Science is great! Science is exciting because it is an attempt to fulfill our primitive curious impulse – the impulse to understand and explain how the world around us works. Science is inquisitive and unprejudiced; it teaches us to solve problems, to think critically, and to be intellectually independent – traits that lead to success in life, even if we don’t all grow up and become scientists.
Yet, it seems our general education places very little emphasis on these wonderful, beneficial qualities science can offer us. By the time we graduate from high school, we are practically trained to regard ‘Science’ as a school subject in which we memorize numbers, letters, and formulas so that we can spit them back at exam papers. Now, where’s the fun in that?
To promote scientific literacy, Urban-FairyTales.com is thrilled to present a series of illustrated posters for k-12 classrooms. These posters won’t merely try to convey scientific facts. In fact, they won’t be trying to do that at all – there are teachers and textbooks for that. Instead, through the power of art, these illustrations aim to kindle, foster, and remind us of the fire that lit up in our eyes when we learned about dinosaurs, meteors, stars, rainbows, and many more of nature’s wonders.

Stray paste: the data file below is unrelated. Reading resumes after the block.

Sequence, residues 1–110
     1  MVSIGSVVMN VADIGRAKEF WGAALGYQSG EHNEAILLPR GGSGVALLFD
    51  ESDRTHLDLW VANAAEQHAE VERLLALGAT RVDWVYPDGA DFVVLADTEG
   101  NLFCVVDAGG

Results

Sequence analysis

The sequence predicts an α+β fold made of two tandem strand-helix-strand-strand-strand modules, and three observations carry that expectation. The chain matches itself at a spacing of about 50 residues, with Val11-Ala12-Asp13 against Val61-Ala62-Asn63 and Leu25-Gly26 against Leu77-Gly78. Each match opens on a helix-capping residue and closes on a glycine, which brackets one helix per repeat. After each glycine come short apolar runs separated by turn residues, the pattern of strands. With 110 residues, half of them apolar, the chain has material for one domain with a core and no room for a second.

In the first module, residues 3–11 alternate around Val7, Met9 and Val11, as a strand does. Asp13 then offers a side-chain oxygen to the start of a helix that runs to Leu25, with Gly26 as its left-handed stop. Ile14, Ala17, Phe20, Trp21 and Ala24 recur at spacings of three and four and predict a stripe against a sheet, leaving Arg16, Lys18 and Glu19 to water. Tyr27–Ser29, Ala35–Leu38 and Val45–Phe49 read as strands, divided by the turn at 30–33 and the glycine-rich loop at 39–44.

The first of these illustrations is inspired by this quote about the beauty in nature:
“Knowing how the rainbow works doesn’t make it less beautiful. It makes the rainbow MORE beautiful.”
I thought it would be appropriate to begin the series with the imagery of a rainbow – a symbol of connections, connections between heaven and earth, between human beings and a higher divinity, between reality and imagination, between Science and (Urban) fairy tales (hah!). We might each have our own opinions and beliefs, but that shouldn’t stop any of us from appreciating the beauty of a rainbow and understanding how it works!
I hope this illustration made you wonder about the wonderful world we live in. I will leave you with this little excerpt of a very inspiring interview with Richard Feynman. Make sure you check back soon for the next instalment of Scientific Literacy Illustrated Posters Series!